The father of the bride is a property developer. He and his wife do little to help an ex-employee who came pleading for money for his wife's heart surgery. Their daughter, the bride, takes pity, tries to drive to the woman's hospital but gets caught up in roadblocks and the chaos in the streets and is finally arrested and held in a huge enclave with hundreds of others. That takes us deep into the brutal bedlam where the army is worse than the rioters. There's graphic abuse and violence. It's a gripping portrait of extreme social unrest that doesn't blame or favor anybody but lays out what's possible. The acting is strong, the message is potent and the film is very good. (Now streaming at VIFF-Connect and available at on-demand and digital platforms like Apple TV and Google Play) 4 out of 5
LOKI: Marvel hasn't had a new movie in almost two years and Black Widow is still weeks away. But it's had two very hot short series on Disney+ and here's another which I think will be just as successful. Certainly the fans are bound to like it because it adds to the mythology that's been carefully shaped through many films and offers some new details about one of the most interesting characters. Loki is Thor's mischievous brother. You might remember in The Avengers: Endgame he ran off with that glowing cube called the Tesserat. This film follows immediately as Loki is caught by something called the Time Variance Authority and interrogated about his time-tripping actions.
Owen Wilson plays the interrogator, Tom Hiddleston is Loki and their confrontations are the highlight in the first of these six episodes. (More premiere every Wed. until mid-July). The TVA has to preserve the "sacred timeline" to avoid the chaos of competing multiverses. Loki must co-operate. So far we've retraced his backstory via video clips from the past, learned some details we haven't known before and received enigmatic hints of what's coming. He's not a dangerous variant -- just a "pussycat", he's told. Is he in an alternate universe himself? All we know for sure so far is that "time moves differently in the TVA." A lot of imagination is on display in this series, some of it a bit Dr. Who-like, as written by Michael Waldron (of the upcoming Dr. Strange sequel) and directed by Kate Herron from England. I'm looking forward to more. (Disney+) 3 ½ out of 5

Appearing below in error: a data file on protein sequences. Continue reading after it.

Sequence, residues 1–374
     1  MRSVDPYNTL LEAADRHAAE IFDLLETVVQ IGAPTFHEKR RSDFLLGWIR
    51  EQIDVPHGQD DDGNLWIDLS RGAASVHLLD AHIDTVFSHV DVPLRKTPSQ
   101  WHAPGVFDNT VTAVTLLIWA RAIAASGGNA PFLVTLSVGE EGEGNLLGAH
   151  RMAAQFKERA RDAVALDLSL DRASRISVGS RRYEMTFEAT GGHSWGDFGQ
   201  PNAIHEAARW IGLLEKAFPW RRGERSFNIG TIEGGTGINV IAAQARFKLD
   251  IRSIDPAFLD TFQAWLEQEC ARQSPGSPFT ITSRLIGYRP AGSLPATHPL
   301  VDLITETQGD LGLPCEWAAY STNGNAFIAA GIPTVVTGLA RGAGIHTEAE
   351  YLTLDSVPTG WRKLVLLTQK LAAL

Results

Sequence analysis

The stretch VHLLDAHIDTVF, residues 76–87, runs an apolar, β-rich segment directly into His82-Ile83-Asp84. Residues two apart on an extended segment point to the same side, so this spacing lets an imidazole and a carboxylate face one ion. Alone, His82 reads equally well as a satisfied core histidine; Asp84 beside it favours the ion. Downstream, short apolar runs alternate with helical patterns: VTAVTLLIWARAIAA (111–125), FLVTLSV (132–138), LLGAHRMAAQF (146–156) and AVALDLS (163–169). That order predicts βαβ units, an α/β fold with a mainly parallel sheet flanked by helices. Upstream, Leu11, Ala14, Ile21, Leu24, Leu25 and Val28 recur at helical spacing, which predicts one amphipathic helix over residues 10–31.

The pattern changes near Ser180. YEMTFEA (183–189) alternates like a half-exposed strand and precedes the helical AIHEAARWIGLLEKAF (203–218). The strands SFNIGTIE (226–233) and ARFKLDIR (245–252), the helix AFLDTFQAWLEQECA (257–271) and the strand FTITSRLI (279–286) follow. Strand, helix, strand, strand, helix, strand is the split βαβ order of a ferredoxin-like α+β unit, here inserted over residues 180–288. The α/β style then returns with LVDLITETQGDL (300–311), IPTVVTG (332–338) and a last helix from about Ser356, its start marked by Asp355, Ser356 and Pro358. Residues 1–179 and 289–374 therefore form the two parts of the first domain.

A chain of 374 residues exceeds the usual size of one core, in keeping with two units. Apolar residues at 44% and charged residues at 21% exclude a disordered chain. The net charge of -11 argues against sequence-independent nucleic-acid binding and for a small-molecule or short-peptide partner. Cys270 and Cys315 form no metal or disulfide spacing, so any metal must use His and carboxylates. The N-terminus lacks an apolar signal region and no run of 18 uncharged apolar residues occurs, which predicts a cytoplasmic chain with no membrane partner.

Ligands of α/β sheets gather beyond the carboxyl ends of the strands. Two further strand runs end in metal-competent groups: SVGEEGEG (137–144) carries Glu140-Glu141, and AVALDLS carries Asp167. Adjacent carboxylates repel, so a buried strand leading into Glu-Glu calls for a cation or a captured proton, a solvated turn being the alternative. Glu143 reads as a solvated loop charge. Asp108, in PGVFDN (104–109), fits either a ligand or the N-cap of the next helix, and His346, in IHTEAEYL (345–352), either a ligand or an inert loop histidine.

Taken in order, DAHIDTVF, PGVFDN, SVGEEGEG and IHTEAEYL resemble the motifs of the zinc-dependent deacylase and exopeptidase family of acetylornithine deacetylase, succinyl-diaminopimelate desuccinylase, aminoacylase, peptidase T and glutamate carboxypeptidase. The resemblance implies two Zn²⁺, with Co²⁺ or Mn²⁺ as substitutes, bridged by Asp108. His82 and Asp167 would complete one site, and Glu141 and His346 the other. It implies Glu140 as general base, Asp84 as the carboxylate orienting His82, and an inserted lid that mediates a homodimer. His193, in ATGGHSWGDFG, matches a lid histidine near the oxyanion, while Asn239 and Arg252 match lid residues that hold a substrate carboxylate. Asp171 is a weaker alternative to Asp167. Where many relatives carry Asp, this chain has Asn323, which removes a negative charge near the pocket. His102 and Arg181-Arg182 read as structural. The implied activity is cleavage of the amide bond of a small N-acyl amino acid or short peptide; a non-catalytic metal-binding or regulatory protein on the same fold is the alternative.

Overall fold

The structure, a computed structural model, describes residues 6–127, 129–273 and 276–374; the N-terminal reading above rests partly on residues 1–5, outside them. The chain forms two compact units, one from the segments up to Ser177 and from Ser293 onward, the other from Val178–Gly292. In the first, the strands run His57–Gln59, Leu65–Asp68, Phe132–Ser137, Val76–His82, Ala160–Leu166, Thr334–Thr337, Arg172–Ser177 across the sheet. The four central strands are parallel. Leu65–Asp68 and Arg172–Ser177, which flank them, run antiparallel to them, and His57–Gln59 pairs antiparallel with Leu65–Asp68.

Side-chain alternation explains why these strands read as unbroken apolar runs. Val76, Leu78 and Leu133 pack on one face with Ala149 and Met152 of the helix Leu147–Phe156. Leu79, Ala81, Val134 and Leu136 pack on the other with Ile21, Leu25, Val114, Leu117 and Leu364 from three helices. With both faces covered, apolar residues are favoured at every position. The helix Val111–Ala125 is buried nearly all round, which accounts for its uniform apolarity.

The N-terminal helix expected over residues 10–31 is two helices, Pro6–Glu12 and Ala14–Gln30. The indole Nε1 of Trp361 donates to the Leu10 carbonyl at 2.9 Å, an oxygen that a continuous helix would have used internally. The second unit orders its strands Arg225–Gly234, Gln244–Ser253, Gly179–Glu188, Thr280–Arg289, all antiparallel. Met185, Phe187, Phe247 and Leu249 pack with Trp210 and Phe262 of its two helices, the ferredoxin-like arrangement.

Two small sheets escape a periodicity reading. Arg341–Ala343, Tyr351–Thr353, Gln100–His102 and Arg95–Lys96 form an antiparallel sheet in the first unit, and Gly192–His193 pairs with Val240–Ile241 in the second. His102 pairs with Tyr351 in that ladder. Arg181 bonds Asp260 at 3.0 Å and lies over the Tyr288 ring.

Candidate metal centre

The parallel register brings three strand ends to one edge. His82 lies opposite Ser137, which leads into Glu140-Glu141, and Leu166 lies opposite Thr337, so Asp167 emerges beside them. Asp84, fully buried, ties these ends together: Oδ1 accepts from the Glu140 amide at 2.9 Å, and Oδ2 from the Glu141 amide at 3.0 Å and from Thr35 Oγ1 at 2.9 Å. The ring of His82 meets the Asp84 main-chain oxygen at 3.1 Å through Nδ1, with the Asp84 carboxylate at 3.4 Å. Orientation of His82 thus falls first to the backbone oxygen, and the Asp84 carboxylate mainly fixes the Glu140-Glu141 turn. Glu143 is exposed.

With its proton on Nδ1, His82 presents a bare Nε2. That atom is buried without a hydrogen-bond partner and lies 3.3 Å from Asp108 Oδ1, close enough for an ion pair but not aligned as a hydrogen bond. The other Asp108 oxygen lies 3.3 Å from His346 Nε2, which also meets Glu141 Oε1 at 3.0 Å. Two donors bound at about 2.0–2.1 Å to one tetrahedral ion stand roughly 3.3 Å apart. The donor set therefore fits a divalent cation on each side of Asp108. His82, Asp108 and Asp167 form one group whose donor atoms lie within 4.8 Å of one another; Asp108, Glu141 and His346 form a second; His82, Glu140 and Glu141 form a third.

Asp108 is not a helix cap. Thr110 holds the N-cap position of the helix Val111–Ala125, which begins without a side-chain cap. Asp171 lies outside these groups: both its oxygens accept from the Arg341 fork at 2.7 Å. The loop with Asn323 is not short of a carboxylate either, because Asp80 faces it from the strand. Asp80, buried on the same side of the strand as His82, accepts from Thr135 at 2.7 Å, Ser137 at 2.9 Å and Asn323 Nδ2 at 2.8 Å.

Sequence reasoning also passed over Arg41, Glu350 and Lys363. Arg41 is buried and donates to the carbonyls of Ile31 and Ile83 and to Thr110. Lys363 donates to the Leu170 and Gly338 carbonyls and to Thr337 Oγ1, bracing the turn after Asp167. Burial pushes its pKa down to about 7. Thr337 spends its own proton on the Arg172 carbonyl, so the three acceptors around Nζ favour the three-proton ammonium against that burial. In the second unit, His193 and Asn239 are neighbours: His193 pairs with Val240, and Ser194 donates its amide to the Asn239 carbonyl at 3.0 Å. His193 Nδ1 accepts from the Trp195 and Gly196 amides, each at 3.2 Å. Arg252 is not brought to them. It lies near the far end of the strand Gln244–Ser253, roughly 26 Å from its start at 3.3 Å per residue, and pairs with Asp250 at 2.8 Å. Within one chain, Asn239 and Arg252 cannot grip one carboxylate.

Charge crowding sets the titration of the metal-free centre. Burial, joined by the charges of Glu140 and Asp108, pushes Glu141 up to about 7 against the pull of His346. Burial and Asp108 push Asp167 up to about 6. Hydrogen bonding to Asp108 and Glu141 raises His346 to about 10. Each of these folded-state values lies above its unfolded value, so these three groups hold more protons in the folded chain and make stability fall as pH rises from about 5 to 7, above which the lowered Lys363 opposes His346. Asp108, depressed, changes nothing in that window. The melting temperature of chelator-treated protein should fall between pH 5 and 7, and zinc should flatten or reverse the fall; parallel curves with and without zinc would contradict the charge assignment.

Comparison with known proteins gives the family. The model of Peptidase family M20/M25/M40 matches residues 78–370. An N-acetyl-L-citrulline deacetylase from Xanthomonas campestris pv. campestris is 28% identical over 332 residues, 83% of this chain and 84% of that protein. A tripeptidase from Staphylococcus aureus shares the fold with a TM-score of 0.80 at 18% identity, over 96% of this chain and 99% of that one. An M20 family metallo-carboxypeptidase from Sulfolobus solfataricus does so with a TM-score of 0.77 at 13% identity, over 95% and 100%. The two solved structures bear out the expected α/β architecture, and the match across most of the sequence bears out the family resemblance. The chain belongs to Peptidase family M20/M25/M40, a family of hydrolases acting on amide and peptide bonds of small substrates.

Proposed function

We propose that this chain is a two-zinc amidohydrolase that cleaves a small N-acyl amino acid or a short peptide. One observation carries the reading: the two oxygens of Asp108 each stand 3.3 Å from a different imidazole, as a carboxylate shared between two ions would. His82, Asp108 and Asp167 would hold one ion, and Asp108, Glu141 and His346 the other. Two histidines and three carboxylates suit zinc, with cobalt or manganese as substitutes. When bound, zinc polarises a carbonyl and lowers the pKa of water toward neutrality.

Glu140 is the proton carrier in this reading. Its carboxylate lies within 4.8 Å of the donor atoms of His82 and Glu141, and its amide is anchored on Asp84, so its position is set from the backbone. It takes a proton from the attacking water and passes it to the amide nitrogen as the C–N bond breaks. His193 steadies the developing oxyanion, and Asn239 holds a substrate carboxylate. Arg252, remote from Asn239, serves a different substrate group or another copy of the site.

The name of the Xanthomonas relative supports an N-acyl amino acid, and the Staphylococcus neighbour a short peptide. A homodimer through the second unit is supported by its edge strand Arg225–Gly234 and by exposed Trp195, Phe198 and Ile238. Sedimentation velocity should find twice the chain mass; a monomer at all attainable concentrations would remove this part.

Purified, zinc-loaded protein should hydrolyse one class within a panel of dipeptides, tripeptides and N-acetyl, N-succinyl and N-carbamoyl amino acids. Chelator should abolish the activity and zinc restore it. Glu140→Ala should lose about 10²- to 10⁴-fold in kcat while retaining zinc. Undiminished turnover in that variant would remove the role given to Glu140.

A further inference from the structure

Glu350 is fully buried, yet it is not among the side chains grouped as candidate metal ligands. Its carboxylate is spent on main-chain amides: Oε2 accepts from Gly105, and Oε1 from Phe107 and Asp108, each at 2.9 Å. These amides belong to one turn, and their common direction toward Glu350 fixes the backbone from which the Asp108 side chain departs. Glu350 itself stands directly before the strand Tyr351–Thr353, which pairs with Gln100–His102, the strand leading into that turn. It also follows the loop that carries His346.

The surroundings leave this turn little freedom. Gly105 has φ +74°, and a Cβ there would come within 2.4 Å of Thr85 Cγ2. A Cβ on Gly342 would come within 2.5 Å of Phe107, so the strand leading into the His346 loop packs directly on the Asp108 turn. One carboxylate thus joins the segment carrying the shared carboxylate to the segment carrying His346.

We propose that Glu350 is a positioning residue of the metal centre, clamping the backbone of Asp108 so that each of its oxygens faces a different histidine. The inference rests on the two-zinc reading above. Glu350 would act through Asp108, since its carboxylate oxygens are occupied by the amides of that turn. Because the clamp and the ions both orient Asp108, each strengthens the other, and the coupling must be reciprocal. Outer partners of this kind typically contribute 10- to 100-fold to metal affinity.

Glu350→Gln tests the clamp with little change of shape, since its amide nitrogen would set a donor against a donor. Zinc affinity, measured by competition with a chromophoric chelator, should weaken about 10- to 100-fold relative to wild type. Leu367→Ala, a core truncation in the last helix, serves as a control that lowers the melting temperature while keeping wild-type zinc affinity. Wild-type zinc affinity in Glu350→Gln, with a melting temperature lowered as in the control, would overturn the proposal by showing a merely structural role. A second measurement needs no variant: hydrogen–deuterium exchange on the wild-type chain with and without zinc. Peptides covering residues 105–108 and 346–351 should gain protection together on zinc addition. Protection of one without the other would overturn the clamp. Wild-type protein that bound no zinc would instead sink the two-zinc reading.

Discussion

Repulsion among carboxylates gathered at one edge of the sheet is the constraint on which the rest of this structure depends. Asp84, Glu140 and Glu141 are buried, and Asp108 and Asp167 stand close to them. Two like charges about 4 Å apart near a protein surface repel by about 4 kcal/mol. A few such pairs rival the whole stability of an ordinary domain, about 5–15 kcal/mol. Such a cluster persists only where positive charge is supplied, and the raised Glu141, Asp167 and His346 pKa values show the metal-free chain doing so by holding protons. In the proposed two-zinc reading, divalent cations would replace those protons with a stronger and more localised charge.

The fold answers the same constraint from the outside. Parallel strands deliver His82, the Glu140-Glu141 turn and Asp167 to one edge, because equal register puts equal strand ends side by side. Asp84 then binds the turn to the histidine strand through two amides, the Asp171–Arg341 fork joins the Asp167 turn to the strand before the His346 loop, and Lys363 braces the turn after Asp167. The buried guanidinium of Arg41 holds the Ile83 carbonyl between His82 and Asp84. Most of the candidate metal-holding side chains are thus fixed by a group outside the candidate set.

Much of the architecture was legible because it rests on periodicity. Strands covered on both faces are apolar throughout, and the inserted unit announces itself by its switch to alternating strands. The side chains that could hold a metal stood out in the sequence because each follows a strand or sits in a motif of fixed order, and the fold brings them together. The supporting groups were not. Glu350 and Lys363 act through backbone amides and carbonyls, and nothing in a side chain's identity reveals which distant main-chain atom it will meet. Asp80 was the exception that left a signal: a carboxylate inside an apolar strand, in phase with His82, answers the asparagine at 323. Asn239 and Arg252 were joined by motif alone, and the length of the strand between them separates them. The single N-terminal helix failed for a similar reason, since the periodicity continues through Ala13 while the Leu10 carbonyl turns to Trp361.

A PERFECT ENEMY: Do you miss travelling? You might be less so after watching this stylish and very mysterious tale. An architect (German star Tomasz Kot) is on his way to the Paris airport after giving a speech about “perfection” when a young woman (Athena Strates) pleads to get a ride in his cab and get out of the rain. From then on he can't shake her. She's chatty, tells wild stories and since she made him miss his plane he has no choice but to listen. As they wait at the airport she reveals she'll be taking the same plane and you know something is amiss.